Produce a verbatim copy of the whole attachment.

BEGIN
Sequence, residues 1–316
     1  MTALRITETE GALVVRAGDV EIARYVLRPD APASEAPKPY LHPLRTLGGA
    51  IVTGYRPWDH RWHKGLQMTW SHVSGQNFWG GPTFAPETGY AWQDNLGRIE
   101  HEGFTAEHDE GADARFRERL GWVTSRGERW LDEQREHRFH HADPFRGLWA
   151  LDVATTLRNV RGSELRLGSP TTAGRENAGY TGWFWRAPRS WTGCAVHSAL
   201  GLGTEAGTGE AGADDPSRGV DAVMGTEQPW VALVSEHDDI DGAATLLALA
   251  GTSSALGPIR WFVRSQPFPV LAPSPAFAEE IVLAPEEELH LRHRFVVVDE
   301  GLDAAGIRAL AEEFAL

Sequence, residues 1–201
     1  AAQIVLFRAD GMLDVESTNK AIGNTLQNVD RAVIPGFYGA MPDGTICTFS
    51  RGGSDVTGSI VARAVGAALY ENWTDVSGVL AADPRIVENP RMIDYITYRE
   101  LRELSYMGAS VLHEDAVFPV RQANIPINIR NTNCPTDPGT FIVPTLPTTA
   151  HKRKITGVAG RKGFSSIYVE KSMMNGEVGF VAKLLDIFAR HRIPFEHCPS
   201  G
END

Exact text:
Sequence, residues 1–316
     1  MTALRITETE GALVVRAGDV EIARYVLRPD APASEAPKPY LHPLRTLGGA
    51  IVTGYRPWDH RWHKGLQMTW SHVSGQNFWG GPTFAPETGY AWQDNLGRIE
   101  HEGFTAEHDE GADARFRERL GWVTSRGERW LDEQREHRFH HADPFRGLWA
   151  LDVATTLRNV RGSELRLGSP TTAGRENAGY TGWFWRAPRS WTGCAVHSAL
   201  GLGTEAGTGE AGADDPSRGV DAVMGTEQPW VALVSEHDDI DGAATLLALA
   251  GTSSALGPIR WFVRSQPFPV LAPSPAFAEE IVLAPEEELH LRHRFVVVDE
   301  GLDAAGIRAL AEEFAL

Sequence, residues 1–201
     1  AAQIVLFRAD GMLDVESTNK AIGNTLQNVD RAVIPGFYGA MPDGTICTFS
    51  RGGSDVTGSI VARAVGAALY ENWTDVSGVL AADPRIVENP RMIDYITYRE
   101  LRELSYMGAS VLHEDAVFPV RQANIPINIR NTNCPTDPGT FIVPTLPTTA
   151  HKRKITGVAG RKGFSSIYVE KSMMNGEVGF VAKLLDIFAR HRIPFEHCPS
   201  G